(Emphasis supplied). “Failure to present the County with formal written notice of the claim within the 12–month statutory period, or to present the claim to the County by suing and serving the County on the claim within that period, acts as a bar to the claim.” (Citations omitted.) Coweta County v. Cooper, 318 Ga.App. 41, 41–42, 733 S.E.2d 348 (2012). Under OCGA § 36–11–1, a cause of action against a county does not exist unless the claim has been presented within 12 months after its accrual. See Atlantic Coast Line R. Co. v. Mitchell County, 36 Ga.App. 47, 48, 135 S.E. 223 (1926) (holding that suit was barred for failure to present notice to county within 12 months under Civil Code 1910 § 411, OCGA § 36–11–1's virtually identical predecessor). The Warnells have the burden of proving substantial compliance with the statute. Coweta County, supra, 318 Ga.App. at 42, 733 S.E.2d 348.
Here, the record shows that the Warnells failed to present notice of their claim to the County with the 12–month statutory period. Notably, the Warnells admittedly failed to present the county with formal written notice before they filed their suit, and they did not file their suit against the County until more than 22 months after the accident. Accordingly, the Warnells' suit against the County is barred, and the trial court properly granted the County's motion for summary judgment. See Coweta County, supra, 318 Ga.App. at 44, 733 S.E.2d 348 (holding that trial court erred in refusing to grant summary judgment to county where plaintiff failed to comply with OCGA § 36–11–1).
Nevertheless, the Warnells argue that, pursuant to OCGA § 33–24–51, the County's purchase of liability insurance prohibits the County from raising the Warnells' failure to comply with the 12–month notice requirement as a defense to their suit. To interpret OCGA § 33–24–51 as the Warnells urge would require this Court to disregard the mandatory language of that statute. This we cannot do.
The Warnells also argue that the two-year statute of limitation for personal injuries under OCGA § 9–3–33 applies to their claims in lieu of OCGA § 36–11–1. Regardless of the applicable statute of limitation, a cause of action against a county that is not presented to the county within 12 months after its accrual is barred. Coweta County, supra, 318 Ga.App. at 41–42, 733 S.E.2d 348.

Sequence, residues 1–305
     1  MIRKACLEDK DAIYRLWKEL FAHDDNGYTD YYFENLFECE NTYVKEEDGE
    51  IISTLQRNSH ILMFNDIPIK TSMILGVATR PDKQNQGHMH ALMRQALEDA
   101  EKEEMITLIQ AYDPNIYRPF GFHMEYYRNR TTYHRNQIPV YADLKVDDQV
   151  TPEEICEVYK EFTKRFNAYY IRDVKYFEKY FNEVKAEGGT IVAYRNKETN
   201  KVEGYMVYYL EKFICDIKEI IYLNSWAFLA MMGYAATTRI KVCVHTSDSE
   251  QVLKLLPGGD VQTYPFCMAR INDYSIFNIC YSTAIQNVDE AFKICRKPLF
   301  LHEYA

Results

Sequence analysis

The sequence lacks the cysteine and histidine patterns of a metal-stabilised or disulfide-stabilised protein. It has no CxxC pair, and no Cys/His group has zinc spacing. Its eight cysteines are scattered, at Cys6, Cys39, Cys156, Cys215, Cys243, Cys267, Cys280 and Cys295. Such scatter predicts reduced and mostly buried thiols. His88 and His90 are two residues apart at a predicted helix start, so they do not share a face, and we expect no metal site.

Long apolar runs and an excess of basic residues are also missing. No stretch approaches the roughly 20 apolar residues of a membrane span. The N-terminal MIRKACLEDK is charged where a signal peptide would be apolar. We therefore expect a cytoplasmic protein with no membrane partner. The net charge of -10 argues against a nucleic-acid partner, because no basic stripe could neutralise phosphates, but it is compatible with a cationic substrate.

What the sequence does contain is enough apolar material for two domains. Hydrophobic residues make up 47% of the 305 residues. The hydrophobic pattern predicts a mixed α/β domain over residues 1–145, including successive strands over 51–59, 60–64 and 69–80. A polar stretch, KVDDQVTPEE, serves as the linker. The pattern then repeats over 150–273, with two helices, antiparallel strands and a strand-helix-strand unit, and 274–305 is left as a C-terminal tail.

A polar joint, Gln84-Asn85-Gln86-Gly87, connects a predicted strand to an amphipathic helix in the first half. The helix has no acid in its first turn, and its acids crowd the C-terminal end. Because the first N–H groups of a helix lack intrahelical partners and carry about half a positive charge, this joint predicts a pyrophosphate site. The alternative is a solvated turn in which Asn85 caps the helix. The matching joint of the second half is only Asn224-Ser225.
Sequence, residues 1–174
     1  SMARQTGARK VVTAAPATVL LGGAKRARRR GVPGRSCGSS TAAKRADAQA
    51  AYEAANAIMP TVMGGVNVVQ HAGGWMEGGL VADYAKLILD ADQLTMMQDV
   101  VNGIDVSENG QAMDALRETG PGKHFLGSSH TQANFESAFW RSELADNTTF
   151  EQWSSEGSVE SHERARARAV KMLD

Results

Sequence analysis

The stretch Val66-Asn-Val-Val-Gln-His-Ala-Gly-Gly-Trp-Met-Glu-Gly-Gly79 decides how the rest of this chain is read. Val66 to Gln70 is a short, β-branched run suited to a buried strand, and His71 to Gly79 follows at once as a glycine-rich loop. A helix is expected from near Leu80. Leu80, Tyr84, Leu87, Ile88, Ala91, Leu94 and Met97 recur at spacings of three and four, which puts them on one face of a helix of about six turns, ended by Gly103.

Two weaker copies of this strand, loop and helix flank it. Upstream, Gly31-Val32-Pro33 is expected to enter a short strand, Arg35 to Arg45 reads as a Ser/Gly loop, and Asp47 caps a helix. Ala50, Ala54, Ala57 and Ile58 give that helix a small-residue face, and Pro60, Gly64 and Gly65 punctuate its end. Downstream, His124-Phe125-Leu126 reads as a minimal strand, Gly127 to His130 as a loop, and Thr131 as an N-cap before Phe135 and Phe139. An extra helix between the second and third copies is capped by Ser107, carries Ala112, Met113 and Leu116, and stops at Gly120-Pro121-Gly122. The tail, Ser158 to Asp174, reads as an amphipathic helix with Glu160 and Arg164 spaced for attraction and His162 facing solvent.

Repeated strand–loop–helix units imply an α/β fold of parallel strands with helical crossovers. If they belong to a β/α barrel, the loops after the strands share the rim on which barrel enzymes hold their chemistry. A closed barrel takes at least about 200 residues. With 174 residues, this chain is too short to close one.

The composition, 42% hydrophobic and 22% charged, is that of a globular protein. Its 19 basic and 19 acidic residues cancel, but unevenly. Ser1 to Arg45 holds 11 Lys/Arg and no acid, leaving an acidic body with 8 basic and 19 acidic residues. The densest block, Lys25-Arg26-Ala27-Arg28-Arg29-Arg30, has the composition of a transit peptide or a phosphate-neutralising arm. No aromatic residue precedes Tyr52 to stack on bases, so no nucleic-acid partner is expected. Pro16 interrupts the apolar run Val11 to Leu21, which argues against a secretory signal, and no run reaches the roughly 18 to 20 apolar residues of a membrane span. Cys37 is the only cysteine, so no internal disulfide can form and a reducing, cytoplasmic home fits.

Finally, the Warnells argue that the trial court's interpretation of OCGA § 33–24–51(b) rendered some of the statute's language superfluous. OCGA § 33–24–51(b) pertinently provides that a county's sovereign immunity is waived for losses arising out of claims for the negligent use of a covered motor vehicle to the extent of the amount of insurance purchased, and that the County “may make only those defenses which could be made if the insured were a private person.”
Here, the trial court found that OCGA § 33–24–51(b) is expressly limited to defenses relating to sovereign immunity. Contrary to the Warnells' argument, the limited waiver of sovereign immunity set forth in OCGA § 33–24–51(b) does not implicate the 12–month presentation requirement under OCGA § 36–11–1. Because the Warnells failed to present their claim to the County within 12 months after its accrual, and they did not file their suit within that time period, their claim is barred. Accordingly, we find no error in the trial court's grant of summary judgment to the County.
Judgment affirmed. DOYLE, P.J., and DILLARD, J., concur.